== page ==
European Journal of Trauma and Emergency Surgery

, 37:439

Subclavian vessel injuries: difficult anatomy and difficult territory

  • J. D. Sciarretta
  • J. A. Asensio
  • T. Vu
  • F. N. Mazzini
  • J. Chandler
  • F. Herrerias
  • J. M. Verde
  • P. Menendez
  • J. M. Sanchez
  • P. Petrone
  • K. D. Stahl
  • H. Lieberman
  • C. Marini
Review Article

DOI: 10.1007/s00068-011-0133-2

Cite this article as:
Sciarretta, J.D., Asensio, J.A., Vu, T. et al. Eur J Trauma Emerg Surg (2011) 37: 439. doi:10.1007/s00068-011-0133-2

Abstract

Introduction

Thoracic and thoracic related vascular injuries represent complex challenges to the trauma surgeon. Subclavian vessel injuries, in particular, are uncommon and highly lethal. Regardless of the mechanism, such injuries can result in significant morbidity and mortality.

Materials and methods

Systematic review of the literature, with emphasis on the diagnosis, treatment and outcomes of these injuries, incorporating the authors’ experience.

Conclusions

These injuries are associated with significant morbidity and mortality. Patients who survive transport are subject to potentially debilitating injury and possibly death. Management of these injuries varies, depending on hemodynamic stability, mechanism of injury, and associated injuries. Despite significant advancements, mortality due to subclavian vessel injury remains high.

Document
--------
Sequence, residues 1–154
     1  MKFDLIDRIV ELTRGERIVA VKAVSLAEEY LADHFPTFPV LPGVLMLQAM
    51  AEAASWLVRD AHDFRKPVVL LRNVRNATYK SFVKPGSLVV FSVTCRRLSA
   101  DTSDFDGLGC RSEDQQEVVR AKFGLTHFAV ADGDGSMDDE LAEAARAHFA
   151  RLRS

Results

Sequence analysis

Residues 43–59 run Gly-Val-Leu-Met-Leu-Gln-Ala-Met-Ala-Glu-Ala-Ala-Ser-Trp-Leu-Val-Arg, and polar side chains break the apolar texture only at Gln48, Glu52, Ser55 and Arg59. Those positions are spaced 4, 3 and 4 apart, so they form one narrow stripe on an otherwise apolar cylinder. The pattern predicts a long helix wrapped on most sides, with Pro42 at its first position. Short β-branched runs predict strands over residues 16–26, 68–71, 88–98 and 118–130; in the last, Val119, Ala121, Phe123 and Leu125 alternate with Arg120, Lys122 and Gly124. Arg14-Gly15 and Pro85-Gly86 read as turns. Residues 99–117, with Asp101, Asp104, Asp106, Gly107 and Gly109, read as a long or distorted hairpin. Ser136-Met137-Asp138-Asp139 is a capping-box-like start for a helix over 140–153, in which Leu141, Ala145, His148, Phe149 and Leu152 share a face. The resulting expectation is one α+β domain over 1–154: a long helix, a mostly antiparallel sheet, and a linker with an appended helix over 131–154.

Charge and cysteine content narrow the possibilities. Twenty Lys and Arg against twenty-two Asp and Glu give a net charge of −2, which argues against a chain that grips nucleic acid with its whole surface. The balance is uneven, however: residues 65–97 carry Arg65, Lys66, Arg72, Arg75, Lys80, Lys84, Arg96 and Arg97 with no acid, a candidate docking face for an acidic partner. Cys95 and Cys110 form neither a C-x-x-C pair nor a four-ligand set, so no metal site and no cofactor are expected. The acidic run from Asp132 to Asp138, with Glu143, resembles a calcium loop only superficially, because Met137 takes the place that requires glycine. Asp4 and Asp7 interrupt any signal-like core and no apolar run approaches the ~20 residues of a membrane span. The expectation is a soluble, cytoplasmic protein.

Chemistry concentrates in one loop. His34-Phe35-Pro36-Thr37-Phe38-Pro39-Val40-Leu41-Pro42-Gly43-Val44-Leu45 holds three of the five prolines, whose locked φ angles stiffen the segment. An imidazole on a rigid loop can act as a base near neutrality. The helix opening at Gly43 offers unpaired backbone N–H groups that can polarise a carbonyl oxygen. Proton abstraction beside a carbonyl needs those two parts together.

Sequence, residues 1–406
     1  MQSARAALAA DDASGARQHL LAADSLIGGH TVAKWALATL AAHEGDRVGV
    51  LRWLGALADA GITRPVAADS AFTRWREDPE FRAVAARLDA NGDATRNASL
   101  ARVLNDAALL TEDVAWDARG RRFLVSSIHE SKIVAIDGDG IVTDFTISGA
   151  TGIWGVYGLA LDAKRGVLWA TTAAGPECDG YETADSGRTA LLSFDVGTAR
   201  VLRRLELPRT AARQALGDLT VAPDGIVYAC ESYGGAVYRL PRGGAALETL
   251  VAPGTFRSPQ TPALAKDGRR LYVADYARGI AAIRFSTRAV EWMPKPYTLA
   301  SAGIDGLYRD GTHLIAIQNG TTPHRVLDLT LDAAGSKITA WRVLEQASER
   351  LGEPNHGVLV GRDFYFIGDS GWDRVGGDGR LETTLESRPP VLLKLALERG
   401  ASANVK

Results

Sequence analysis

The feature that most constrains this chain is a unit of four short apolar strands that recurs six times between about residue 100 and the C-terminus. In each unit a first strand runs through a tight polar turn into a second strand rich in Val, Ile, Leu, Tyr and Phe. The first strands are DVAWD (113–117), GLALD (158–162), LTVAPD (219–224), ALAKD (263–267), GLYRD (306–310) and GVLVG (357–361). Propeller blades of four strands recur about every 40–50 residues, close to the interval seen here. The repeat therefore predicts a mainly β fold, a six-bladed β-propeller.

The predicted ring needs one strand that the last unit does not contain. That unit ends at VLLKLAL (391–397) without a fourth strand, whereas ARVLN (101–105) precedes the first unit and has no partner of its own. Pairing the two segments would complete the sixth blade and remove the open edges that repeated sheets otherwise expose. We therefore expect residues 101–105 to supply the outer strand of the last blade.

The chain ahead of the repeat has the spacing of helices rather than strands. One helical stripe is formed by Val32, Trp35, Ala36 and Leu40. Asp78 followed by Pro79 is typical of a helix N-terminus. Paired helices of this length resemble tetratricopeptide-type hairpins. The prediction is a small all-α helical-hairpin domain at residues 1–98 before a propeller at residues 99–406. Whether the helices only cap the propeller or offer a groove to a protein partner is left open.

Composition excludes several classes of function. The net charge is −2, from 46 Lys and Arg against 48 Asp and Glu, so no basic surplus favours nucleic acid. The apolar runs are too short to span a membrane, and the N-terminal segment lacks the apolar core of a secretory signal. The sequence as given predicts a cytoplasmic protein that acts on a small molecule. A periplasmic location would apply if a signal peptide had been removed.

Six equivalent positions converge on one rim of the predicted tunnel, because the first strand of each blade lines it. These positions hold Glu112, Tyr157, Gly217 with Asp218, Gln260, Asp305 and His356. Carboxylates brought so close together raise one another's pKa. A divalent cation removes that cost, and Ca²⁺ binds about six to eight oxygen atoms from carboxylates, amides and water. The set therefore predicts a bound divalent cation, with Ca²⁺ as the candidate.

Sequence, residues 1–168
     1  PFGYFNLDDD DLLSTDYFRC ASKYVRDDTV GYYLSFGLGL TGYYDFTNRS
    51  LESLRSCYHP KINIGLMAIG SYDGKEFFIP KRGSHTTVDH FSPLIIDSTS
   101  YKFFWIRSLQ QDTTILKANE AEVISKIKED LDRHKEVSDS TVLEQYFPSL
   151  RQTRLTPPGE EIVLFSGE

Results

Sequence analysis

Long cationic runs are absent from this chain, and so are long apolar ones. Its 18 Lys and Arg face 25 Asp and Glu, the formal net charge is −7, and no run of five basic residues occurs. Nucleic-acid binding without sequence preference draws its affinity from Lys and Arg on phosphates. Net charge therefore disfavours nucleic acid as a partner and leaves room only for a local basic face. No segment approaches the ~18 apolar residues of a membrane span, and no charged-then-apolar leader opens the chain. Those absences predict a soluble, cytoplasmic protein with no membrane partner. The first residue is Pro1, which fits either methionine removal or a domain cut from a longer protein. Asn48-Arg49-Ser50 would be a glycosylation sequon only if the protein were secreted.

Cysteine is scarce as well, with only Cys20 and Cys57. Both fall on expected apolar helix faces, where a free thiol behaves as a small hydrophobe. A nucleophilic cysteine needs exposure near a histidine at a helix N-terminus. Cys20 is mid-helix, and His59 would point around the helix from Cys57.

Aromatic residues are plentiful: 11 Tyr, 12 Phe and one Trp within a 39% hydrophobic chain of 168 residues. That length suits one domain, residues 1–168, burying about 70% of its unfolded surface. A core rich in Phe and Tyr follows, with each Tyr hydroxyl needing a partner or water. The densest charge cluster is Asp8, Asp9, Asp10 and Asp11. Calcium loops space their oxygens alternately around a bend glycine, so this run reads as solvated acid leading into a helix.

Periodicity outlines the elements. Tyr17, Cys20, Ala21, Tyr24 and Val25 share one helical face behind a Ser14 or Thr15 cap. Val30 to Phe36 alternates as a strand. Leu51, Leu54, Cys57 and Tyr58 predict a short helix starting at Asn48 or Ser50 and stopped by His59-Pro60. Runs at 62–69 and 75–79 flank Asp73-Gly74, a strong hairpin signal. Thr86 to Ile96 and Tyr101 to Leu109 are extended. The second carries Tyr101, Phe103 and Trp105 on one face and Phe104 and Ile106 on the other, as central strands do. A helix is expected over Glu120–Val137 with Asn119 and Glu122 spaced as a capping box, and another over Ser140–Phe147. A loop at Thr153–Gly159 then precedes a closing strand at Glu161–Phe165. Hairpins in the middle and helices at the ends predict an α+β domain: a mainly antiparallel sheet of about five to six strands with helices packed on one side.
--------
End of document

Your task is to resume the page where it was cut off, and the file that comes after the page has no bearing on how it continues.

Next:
Keywords

VascularTraumaSubclavianInjuryExposureManagement

Copyright information

© Springer-Verlag 2011

Authors and Affiliations

  • J. D. Sciarretta
    • 1
  • J. A. Asensio
    • 1
  • T. Vu
    • 1
  • F. N. Mazzini
    • 1
  • J. Chandler
    • 1
  • F. Herrerias
    • 1
  • J. M. Verde
    • 1
  • P. Menendez
    • 1
  • J. M. Sanchez
    • 1
  • P. Petrone
    • 1
  • K. D. Stahl
    • 1
  • H. Lieberman
    • 1
  • C. Marini
    • 1
  1. 1.Division of Trauma Surgery and Surgical Critical Care, Dewitt–Daughtry Family Department of Surgery, Ryder Trauma CenterUniversity of MiamiMiamiUSA